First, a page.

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Train Stop

No one knows if anyone has been harmed. Still, stations are safely closed as an argument.


The danger of passengers injuring themselves at Norwegian train stations has suddenly become acute, so six stations must be closed. As Ny Tid wrote last week, 15 other stations are at risk. But is this due to accidents? How many accidents has the Norwegian Railway Inspectorate registered in recent years, as a result of some train platforms being shorter than the trains that stop there?

- We have no such overview, is railway director Erik Ø. Johnsen's answer.

Ny Tid has asked Jernbanetilsynet to compile statistics on the basis of the accident documentation contained in the agency. They have not yet managed that. There are simply no statistics that show that too short platforms have been a problem in Norway. Some of the stations that are now being closed down are over a hundred years old. Nevertheless, it is only now that the danger of accidents is considered acute.

- I can actually remember one accident. There was a guy who walked out of the wrong door and fell down a slope a few years ago. But then there was probably also some alcohol in the picture.

This is what Mayor Ånen Trygsland says in Marnardal. His municipality is affected by the closure of Øyslebø station on the Sørlandsbanen.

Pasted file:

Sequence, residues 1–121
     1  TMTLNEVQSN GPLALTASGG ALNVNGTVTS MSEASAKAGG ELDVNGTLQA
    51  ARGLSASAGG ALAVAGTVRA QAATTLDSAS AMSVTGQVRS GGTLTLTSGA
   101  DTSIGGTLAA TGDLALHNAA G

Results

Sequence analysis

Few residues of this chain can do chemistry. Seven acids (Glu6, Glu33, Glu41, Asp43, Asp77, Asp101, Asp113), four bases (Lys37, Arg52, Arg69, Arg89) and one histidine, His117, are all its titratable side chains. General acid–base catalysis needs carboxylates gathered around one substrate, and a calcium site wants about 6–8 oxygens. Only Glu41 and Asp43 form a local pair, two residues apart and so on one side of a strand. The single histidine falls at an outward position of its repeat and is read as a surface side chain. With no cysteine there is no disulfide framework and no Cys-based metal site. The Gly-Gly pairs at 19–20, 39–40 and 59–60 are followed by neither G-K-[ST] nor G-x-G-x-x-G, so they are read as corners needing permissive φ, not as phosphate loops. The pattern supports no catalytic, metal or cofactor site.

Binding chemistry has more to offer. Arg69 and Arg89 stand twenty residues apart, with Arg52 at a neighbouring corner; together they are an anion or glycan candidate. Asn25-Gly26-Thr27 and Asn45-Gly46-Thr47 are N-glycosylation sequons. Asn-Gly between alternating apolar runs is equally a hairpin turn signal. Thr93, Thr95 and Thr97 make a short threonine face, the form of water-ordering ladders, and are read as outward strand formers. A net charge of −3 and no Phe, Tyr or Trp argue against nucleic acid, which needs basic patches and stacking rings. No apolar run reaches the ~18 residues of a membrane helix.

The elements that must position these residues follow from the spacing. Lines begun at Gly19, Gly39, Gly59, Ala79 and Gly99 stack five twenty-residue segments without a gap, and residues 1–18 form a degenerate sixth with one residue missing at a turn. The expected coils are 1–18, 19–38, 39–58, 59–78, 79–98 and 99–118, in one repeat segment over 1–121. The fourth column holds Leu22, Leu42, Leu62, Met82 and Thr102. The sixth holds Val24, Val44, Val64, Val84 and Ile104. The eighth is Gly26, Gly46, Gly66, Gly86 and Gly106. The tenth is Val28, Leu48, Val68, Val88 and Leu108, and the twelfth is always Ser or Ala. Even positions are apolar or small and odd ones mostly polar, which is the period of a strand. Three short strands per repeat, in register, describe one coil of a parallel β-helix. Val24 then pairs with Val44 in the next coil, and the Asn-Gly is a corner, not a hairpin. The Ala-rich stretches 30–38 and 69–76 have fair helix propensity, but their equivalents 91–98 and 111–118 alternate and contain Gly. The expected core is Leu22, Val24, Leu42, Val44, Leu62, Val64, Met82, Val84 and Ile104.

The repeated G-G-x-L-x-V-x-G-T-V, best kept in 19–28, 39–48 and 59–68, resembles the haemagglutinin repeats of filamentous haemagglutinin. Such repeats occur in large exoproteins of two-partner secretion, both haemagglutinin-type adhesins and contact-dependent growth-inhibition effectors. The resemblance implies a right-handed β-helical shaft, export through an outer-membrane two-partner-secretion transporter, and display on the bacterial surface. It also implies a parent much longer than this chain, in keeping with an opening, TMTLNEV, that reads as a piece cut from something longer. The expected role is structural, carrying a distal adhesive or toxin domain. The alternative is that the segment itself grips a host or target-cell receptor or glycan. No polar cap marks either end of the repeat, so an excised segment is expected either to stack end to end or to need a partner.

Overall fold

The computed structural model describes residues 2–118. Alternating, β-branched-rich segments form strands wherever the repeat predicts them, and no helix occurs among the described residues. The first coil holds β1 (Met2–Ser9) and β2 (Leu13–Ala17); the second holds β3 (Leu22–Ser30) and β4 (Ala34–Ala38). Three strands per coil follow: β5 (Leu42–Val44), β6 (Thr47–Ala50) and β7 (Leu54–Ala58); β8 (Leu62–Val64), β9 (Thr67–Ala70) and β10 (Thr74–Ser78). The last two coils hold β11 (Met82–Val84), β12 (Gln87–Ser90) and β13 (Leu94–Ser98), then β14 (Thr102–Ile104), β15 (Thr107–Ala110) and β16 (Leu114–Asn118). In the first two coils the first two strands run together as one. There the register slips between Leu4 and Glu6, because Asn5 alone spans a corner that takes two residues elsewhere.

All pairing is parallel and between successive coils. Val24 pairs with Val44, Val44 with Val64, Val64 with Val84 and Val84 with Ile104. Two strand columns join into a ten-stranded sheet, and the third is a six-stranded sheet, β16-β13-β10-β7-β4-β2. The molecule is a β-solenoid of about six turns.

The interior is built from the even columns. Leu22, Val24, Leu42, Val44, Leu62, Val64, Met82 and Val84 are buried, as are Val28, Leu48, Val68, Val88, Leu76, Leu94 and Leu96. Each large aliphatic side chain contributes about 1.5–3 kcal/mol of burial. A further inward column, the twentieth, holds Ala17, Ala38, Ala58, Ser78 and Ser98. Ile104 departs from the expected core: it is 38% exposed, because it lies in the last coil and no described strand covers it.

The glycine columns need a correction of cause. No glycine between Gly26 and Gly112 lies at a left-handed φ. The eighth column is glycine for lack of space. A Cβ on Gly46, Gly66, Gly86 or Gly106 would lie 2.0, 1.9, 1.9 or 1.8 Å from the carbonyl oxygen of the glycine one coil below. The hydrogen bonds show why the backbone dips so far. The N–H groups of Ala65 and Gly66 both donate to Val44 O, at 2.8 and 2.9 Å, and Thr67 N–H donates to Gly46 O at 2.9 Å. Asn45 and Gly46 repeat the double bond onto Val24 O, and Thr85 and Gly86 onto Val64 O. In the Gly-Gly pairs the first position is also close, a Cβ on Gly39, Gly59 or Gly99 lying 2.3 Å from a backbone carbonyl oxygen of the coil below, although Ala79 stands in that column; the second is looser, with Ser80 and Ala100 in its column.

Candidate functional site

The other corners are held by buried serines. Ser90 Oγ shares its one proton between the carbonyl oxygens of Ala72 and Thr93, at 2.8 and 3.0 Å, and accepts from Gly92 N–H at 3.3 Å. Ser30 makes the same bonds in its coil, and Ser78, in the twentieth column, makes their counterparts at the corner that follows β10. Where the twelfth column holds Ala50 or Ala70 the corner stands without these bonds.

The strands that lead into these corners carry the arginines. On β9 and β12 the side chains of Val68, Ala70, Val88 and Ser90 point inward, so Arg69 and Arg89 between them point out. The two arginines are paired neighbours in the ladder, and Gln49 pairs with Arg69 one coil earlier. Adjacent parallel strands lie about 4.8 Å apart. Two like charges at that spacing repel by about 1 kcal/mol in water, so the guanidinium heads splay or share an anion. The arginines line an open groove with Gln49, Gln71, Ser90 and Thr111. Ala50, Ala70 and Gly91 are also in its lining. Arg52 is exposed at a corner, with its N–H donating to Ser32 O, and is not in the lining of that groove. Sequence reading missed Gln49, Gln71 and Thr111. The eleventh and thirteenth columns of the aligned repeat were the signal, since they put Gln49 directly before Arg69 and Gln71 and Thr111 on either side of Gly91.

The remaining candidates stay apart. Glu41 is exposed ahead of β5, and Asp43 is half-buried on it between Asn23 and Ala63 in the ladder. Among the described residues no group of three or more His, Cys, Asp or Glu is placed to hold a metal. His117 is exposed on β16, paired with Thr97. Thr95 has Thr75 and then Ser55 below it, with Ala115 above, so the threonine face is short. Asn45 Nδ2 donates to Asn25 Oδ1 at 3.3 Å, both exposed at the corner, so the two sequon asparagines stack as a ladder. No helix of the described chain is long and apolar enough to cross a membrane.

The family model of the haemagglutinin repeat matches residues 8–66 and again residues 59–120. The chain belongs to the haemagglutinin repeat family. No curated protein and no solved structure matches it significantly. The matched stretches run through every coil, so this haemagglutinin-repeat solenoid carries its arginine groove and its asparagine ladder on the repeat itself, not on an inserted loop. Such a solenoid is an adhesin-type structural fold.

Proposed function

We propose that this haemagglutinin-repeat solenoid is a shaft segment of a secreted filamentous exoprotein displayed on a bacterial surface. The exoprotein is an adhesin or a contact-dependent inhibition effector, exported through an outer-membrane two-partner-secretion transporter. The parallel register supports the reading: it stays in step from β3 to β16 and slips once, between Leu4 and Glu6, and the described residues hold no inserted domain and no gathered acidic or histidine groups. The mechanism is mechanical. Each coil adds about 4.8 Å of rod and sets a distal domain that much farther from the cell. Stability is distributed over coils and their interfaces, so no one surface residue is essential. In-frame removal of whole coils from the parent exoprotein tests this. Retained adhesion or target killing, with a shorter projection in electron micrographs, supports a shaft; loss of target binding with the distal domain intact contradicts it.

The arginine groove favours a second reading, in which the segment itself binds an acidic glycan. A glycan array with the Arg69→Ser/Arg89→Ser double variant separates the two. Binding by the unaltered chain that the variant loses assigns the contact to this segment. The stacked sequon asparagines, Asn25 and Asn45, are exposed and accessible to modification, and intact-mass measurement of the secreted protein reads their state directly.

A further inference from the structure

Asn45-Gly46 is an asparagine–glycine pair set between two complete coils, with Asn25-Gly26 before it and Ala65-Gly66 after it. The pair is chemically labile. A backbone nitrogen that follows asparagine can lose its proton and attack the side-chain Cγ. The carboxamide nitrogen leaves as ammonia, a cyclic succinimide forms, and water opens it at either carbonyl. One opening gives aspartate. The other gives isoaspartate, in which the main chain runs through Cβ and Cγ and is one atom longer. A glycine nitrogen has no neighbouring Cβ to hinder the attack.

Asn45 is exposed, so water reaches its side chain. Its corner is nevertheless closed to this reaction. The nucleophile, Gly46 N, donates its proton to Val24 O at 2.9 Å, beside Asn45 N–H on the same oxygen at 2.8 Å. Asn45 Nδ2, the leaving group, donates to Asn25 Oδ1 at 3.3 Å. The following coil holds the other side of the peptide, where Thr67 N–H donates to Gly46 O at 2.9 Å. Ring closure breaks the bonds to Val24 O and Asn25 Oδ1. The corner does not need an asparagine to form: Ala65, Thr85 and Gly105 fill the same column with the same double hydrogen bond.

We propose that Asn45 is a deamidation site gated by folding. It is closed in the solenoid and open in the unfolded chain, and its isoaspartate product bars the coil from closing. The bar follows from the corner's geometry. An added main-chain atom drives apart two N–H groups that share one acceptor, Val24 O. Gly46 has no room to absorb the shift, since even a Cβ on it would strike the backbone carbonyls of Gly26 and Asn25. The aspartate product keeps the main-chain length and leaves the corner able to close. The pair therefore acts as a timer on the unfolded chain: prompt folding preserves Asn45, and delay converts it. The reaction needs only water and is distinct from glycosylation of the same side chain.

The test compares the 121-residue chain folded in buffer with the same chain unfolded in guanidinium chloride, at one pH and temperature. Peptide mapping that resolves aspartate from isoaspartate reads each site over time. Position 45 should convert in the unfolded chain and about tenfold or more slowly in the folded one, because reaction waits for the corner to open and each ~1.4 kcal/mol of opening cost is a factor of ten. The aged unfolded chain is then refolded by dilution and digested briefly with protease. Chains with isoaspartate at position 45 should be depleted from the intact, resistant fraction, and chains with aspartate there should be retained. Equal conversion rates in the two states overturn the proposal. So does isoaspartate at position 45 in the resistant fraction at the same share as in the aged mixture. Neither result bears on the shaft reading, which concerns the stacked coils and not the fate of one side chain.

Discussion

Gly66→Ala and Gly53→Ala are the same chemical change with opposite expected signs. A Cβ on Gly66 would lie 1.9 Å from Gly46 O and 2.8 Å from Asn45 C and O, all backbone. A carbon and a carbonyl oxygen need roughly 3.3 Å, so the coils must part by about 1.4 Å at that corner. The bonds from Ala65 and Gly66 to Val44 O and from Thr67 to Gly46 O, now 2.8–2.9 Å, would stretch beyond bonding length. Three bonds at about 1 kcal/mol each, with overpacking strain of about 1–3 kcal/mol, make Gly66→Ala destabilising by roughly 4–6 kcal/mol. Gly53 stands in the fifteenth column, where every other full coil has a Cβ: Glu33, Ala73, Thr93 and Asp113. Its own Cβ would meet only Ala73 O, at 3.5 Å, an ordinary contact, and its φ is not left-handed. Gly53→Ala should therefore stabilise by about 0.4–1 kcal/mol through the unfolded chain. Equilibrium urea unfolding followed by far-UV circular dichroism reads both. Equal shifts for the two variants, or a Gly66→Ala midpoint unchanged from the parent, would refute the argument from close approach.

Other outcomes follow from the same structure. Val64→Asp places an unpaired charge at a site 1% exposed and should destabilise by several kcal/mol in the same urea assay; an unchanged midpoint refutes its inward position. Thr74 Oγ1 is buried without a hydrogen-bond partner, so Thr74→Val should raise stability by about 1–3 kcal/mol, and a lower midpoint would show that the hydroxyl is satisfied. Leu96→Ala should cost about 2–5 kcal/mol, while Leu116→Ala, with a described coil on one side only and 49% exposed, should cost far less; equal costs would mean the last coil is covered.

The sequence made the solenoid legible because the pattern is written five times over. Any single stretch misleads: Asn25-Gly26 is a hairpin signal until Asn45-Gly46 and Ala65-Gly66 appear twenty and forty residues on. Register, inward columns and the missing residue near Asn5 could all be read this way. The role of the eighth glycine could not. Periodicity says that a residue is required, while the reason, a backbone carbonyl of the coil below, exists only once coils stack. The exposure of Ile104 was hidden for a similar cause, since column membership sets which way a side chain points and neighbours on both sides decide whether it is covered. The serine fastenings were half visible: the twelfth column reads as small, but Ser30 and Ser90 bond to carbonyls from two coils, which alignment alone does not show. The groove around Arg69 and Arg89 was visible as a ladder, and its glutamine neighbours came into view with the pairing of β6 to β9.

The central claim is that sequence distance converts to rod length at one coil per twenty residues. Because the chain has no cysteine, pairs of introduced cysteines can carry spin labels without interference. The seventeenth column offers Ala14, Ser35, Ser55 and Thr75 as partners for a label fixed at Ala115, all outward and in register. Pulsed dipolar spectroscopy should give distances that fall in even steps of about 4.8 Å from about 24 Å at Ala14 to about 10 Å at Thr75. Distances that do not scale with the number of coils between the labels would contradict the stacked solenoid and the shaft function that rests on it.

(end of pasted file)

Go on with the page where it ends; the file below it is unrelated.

- It is strange that they do not have any statistics in advance of a decision to close traffic, Trygsland says.

The railway director tells Ny Tid that they are trying to prepare such an overview now.

"Unfortunately, I can not tell you how long this will take," says Johnsen.

Employees in NSB and Jernbaneverket speculate to Ny Tid as to whether it is all due to other reasons, such as the desire to streamline operations by serving fewer stops. No one has studied the significance of the fact that many of the train passengers who lose their station will choose a car instead. According to Trygg Trafikk, 149 drivers and car passengers died in traffic in 2005, until November this year 115 were killed.

The mayor of Marnadal says Øyslebø station is used primarily by almost ten people who commute to work.

- I'm sorry for these. And for the municipality, it is disappointing that we were not asked. We have still not received any information from Jernbaneverket, a week after this became known in the press.

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